Health Talents International


By Dave Ellis, RhP

Clouds of acrid smoke, dust and buzzards were everywhere. Another garbage truck would arrive and immediately a dozen or so people would descend on the waste as it was poured on the ground, sorting out anything of value. If it was edible, they ate it. If it was vegetable-based, the Brahman cattle got it. Scraps of anything metal or plastic were sorted into individual piles to be sold. As for the rest, either the buzzards got it or it was tossed onto one of the many smoldering heaps of refuse deemed to be of no value whatsoever. People actually live and work there. It is the best they can do. There actually were children playing in the midst of what one of the preachers sitting behind me in the van referred to as the nearest thing he had ever seen to "Gehenna." Such was the scene at the Managua, Nicaragua, city dump on the morning of January 27, 2003.

A medical team of 14 under the leadership of Health Talents International had traveled to Managua the previous Thursday for three days of medical clinics in the city. The first two days were at the Rene Polanco Church of Christ, but the third day was scheduled for the Santa Ana Church of Christ, located a scant few blocks south of the Managua city dump. It was a first for a medical clinic at this location so we had little idea of what to expect. Jose, a local church worker, wanted us to see how the people we were about to serve lived. Somehow, they showed up fairly neat and clean considering their circumstances. The demand for medical attention was so great we began to run out of medication in the middle of the afternoon. Intestinal parasites, as you would expect, were rampant. Lice and scabies were prevalent. We frequently saw rashes, fungal and bacterial infections as well as the usual respiratory infections. Adults suffered from aches and pains that required the same non-steroidal inflammatory meds (i.e., Ibuprophen) we take here.

One young mother we observed early in the day was later determined to be 19 years old with a 25-day-old baby. The beautiful baby had red splotches over much its body. The rash was later diagnosed as scabies. Scabies is the result of a female insect only .5 mm long, shaped like a turtle burrowing under the skin and laying its eggs. When the eggs hatch, the young in turn continue to bore new tunnels producing an intense itching and irritation. It was very warm that day, and the baby appeared rather listless and each time it whimpered it was once again nursed. As the day wore on, the young mother and baby were seen several times in different areas of the church building and after dark she was still on one of the church pews. I never saw a diaper bag or any other vestige of motherhood usually seen in this country. Where did she live? How could she be expected to care for her precious child? Such was a typical day in the life of one who lived near the Managua city dump.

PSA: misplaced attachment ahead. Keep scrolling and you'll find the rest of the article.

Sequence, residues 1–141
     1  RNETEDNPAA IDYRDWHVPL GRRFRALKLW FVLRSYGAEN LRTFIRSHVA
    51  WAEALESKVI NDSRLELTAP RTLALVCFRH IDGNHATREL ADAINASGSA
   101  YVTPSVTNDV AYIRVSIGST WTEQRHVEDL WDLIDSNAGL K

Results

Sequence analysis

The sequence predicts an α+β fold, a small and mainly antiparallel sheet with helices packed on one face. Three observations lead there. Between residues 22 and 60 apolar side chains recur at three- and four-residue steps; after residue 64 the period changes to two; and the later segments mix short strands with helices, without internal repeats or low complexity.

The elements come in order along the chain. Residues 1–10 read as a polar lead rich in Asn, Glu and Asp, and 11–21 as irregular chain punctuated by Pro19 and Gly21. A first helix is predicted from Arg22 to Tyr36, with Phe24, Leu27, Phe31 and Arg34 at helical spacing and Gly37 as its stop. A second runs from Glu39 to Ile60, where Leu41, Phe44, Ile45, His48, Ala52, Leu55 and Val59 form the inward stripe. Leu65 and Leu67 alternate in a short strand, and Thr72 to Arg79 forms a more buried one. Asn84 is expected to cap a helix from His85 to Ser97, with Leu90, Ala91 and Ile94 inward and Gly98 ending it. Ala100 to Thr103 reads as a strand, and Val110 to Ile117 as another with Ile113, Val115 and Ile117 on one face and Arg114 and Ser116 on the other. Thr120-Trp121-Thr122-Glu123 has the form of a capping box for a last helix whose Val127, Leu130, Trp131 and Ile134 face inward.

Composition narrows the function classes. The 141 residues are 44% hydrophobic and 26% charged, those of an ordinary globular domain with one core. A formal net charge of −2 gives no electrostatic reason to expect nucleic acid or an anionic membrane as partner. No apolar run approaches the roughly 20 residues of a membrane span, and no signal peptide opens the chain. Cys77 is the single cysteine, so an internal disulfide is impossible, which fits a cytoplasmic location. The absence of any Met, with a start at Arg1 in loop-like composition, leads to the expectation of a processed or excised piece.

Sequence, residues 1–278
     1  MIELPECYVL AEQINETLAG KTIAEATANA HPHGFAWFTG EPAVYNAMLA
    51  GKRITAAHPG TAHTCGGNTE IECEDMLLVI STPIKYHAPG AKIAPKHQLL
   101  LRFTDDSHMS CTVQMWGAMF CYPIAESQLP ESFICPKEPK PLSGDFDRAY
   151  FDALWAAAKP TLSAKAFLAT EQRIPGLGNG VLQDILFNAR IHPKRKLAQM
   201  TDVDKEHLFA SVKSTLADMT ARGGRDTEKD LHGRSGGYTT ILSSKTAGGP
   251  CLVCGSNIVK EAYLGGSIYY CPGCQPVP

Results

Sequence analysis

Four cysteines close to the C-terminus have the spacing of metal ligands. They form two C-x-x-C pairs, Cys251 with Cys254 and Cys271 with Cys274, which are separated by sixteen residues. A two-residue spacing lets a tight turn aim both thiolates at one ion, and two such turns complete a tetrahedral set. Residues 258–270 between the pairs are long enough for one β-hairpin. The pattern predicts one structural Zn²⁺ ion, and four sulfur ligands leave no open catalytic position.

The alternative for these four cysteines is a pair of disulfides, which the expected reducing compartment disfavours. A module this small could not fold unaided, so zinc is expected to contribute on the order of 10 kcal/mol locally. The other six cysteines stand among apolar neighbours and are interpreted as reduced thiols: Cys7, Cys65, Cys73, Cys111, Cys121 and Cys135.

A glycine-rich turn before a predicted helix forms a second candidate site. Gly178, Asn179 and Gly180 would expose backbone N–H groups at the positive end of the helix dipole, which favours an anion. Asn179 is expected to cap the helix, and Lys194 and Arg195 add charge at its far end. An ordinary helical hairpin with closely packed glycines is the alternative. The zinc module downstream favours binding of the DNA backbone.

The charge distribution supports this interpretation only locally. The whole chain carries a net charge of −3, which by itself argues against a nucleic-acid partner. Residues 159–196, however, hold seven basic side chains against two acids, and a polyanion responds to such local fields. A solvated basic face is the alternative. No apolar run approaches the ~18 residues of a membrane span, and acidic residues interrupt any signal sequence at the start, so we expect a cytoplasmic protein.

For the three days of clinics in Managua, the team saw and ministered to 1,475 patients and dispensed more than 6,000 prescriptions. Our thanks Health Talents International, along with to Memorial Road Church of Christ in Oklahoma City, Americares, and Christians across America. Without their help, this trip would not have been possible.

[color=#009900]To Hell and Back[/color]
[color=#009900]By Steve Fox, Kanawha City[/color]
[color=#009900]Church of Christ Charleston, West Virginia

Matt. 10:28: âÂÂAnd do not fear those who kill the body but cannot kill the soul; rather fear him who can destroy both soul and body in hell.âÂÂ

Ever been to hell? I was there on Monday, January 27. Fourteen of us North Americans drove through it and then returned to civilization. On the way there, 1,485 Nicaraguans were help in four days with medical care, prescriptions, dental work, and new glasses. But the one hour in Gehenna is the memory most deeply etched in my mind.

Jesus often spoke of Gehenna (a Jerusalem garbage dump) where trash and refuse and unclaimed bodies (Matt. 23:33) were burned day and night. Continual fire and smoke and consumption. Fourteen of us drove through Gehenna last Monday. Only two of us ventured outside the van.

We visited the Managua city dump where a small village had its genesis in 1972 after THE earthquake. Cardboard box houses line both sides of the dirt roads. Cattle and vultures are everywhere. Smoke and dust fill the skies. And as each truck deposits its trash, adults and children run to the new piles to hunt for scraps of food and junk that they can sell on the city streets. Sleep didnâÂÂt come easy for me that Monday night. As I tried to fall asleep, I kept telling myself over and over that even though it sometimes doesnâÂÂt look like it, GOD is still in control.

Before you sleep tonight, read Hebrews 2:8. ItâÂÂs the only thing that allowed me to fall asleep after my trip through Hell that Monday. Messiah lives and one day God will be all in all.